Lawyers for the former leaders of a Muslim charity accused of financing terrorism have asked a judge to dismiss the case, accusing prosecutors of leaving nonevidentiary materials from the previous trial in the jury room during deliberations.

Defense attorneys for the five former leaders of Holy Land Foundation for Relief and Development believe the materials — a mixture of government case overviews and unadmitted wiretaps and reports — created a rift among jurors that unfairly forced last fall’s mistrial after 19 days of deliberations, according to court papers.

Prosecutors say their staff inadvertently put exhibits and some unadmitted materials in the jury room. But the government argues those materials didn’t cause the mistrial and that such a mistake doesn’t warrant a mistrial. They said in a response motion to U.S. District Judge Jorge Solis that it was grounds for a retrial, which is scheduled for September.

A mistrial was declared in October after a chaotic scene in which jurors disputed the verdict in open court even though the forewoman said no one objected during final deliberations.

Last week, the defense asked Solis to hold a hearing “for the purpose of probing the prosecutors’ motives and obtaining other testimony relevant to the issues” in reference to the extra materials in the jury room.

During two months of testimony last year, jurors saw nearly all the materials in question. But U.S. District Judge A. Joe Fish told them to consider the items only as aids and not as established fact.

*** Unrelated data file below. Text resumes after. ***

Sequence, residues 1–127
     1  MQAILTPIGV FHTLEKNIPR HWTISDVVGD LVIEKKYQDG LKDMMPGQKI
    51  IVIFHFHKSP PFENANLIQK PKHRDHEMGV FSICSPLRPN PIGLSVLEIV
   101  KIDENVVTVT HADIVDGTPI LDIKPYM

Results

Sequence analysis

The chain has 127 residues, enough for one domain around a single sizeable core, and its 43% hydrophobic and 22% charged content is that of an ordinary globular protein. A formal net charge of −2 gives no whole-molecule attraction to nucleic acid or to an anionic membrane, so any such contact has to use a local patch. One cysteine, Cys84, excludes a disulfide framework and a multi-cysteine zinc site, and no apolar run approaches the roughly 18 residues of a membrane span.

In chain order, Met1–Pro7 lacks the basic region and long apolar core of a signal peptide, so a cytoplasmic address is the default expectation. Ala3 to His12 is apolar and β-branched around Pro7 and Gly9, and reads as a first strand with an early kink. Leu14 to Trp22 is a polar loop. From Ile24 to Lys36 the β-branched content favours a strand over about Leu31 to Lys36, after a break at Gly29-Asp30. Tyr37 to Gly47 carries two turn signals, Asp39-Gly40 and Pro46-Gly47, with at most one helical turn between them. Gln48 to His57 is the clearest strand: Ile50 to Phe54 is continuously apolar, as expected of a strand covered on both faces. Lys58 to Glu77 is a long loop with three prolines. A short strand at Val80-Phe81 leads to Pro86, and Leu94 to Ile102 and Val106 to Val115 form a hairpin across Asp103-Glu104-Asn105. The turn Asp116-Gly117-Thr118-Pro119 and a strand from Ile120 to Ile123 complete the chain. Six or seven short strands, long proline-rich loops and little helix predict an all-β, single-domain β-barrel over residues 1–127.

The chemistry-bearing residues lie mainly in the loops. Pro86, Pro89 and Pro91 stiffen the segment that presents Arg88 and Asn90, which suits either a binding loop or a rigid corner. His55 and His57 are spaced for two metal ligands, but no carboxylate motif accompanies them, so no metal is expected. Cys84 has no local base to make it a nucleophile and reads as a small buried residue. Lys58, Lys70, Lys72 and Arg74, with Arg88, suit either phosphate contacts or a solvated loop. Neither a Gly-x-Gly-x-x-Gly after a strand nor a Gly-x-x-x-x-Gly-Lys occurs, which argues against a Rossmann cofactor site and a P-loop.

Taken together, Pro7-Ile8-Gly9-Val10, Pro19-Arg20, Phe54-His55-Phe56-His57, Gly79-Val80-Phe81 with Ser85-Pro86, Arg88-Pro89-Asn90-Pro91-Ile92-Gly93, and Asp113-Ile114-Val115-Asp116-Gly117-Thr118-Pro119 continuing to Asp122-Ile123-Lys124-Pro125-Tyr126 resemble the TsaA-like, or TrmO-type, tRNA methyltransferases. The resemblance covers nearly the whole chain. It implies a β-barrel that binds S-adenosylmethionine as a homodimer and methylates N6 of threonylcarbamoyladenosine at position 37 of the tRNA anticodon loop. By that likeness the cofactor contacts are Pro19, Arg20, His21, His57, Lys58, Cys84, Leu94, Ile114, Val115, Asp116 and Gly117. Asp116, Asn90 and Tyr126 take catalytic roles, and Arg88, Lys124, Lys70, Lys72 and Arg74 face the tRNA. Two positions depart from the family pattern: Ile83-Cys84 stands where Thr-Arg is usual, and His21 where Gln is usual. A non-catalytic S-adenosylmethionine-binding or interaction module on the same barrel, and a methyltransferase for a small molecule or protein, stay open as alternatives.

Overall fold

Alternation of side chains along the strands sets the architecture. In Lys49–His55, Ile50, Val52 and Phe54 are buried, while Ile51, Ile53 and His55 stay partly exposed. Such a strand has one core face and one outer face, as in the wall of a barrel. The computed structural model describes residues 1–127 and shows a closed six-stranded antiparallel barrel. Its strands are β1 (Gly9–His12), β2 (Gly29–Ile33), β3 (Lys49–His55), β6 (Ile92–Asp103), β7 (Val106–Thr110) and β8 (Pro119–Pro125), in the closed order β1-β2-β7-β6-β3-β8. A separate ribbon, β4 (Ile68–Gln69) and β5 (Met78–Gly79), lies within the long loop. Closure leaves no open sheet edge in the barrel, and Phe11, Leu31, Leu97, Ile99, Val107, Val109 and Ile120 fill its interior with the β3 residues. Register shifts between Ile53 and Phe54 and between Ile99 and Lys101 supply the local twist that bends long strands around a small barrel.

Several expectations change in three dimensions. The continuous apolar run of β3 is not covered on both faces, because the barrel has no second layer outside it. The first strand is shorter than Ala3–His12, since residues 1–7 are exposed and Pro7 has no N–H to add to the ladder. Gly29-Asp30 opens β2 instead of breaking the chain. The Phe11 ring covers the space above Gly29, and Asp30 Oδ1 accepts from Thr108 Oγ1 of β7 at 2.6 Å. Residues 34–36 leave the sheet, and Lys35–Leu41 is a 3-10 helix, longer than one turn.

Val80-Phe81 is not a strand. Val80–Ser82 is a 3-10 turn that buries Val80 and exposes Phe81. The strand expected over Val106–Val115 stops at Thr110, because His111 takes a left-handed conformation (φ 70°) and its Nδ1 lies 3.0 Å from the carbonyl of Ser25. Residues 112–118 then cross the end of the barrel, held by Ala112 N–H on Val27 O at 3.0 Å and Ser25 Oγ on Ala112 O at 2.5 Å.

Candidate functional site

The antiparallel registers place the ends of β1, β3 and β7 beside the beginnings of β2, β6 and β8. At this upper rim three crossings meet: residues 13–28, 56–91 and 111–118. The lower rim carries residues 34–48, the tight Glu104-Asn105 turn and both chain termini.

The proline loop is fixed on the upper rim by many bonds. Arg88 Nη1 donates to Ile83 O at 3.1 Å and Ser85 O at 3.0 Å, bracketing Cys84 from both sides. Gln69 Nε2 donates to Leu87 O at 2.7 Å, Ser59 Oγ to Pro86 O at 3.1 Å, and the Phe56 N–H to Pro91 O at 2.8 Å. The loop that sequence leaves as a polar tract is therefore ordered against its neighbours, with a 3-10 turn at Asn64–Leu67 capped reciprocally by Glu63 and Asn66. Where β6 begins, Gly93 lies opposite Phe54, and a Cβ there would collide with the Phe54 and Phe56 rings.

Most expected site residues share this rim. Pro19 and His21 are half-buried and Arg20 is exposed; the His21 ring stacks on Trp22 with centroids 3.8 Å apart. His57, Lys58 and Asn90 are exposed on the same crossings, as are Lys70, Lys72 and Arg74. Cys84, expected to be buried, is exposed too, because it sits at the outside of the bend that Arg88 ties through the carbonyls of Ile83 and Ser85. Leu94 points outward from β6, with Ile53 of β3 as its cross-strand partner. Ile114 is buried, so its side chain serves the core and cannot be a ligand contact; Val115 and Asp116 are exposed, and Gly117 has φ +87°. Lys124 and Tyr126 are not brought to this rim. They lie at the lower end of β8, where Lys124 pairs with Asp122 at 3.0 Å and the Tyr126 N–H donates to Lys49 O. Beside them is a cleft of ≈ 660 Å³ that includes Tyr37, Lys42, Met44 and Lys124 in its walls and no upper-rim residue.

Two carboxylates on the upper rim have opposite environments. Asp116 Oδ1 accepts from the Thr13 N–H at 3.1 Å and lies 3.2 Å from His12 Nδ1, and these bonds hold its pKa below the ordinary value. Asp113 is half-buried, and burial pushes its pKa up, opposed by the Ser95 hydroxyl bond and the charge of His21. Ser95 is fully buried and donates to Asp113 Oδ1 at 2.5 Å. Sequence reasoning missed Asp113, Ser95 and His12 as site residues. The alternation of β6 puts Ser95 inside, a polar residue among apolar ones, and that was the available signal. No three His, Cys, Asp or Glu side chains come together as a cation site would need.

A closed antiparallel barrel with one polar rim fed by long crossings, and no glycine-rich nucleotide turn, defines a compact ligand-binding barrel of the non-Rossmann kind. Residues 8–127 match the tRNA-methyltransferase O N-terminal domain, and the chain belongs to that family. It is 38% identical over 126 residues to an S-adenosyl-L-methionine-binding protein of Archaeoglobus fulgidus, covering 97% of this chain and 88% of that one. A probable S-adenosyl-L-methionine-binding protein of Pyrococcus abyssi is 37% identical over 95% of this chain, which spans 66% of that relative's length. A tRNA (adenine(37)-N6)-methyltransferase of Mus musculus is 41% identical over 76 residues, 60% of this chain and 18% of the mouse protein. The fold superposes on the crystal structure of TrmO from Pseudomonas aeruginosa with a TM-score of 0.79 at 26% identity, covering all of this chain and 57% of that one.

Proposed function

Attorneys for both sides won’t comment, citing a gag order in the case. Experts said in Sunday’s editions of The Dallas Morning News that the defense request is a long shot.

The judge “would have to find deliberate and intentional misconduct by government lawyers,” said Dallas lawyer Tom Melsheimer, a former federal prosecutor.

Holy Land defendants are accused of funneling millions to the Palestinian militant group Hamas, which has carried out suicide bombings in Israel. The U.S. government designated Hamas a terrorist group in 1995, making financial transactions with it illegal.

Lawyers for Holy Land said the Texas-based group was a legitimate charity that helped Muslim children and families left homeless or poor by the Israeli-Palestinian conflict.


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